Friday, October 27, 2017

Seeking Partners, but here's why to hesitate: Reason 2

In earlier posts, we shared  elements of simCEO that make it a valuable (and much-needed) way for students to learn in the 21st Century.

1) Students who move beyond recall and produce solutions with content.
2) Social Learning: Learning from and with one another.
3) Contextual Learning: Authentic roles & goals

The list above represents a change to what students experience in schools. But like any change, it does not come easily. These are challenges we have to overcome; we want to be up front with those challenges.

Do we have tested solutions to overcome all of these challenges? No.  But we believe deeply they can be solved, and they need to be solved.

That's why we are looking for partners who can help us overcome these challenges. But we want to attract the right kind of partner. With that in mind, we have come to Part 2 of our 4-Part series we call:
The list of reasons you shouldn’t partner with us.

Reason #2 Can we really assess content learning in an open-ended environment?
Schools naturally want to measure learning results for the resources they utilize.  Rote learning results are easily quantifiable. Yet, schools continue to strive (and struggle) to utilize and evaluate student learning from resources focused on 21st Century skills, the four Cs: Creativity, Communication, Collaboration, Critical Thinking.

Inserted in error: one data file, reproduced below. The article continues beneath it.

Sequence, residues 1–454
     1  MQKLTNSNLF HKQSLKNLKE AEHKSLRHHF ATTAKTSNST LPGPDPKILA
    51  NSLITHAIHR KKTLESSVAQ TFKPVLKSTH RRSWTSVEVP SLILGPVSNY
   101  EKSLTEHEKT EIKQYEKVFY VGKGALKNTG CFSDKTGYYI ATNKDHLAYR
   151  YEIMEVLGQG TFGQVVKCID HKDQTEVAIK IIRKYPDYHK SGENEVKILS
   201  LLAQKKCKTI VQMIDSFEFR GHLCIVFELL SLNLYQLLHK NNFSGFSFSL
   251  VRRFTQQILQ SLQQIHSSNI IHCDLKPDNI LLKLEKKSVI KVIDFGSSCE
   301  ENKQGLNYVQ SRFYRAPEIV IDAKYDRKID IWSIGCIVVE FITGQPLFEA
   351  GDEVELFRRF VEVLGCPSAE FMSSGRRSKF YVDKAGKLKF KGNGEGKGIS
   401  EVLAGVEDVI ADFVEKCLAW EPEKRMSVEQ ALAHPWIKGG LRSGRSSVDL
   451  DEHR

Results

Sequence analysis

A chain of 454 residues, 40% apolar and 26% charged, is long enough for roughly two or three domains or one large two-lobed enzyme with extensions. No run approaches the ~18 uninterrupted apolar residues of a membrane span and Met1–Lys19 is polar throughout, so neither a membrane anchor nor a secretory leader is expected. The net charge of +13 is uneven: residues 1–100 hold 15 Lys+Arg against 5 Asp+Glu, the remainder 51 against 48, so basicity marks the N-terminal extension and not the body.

In short, all that can be assessed may not be important. And all that is important may not be easily assessed. 
Education wants to implement 21st Century resources, but this is an uphill battle. 21st Century resources like Minecraft are incredibly popular with students and focus on 21st century skills (and are showing greater implementation in classrooms!)  - but they still struggle in their ability to become adopted by mainstream classroom teachers as these educators weigh the ‘measurable’ learning gains (aka “recall”) versus the time needed for students to play (and teachers to initially understand).
We believe that the right kind of open-ended simulations can deliver 21st Century learning gains and provide a more effective / authentic environment for students to learn traditional (measured) content.  We believe we have a framework to do this.
But admittedly, this is a perspective that is currently in the minority.  We are looking for partners who embrace this challenge and can help us envision solutions.

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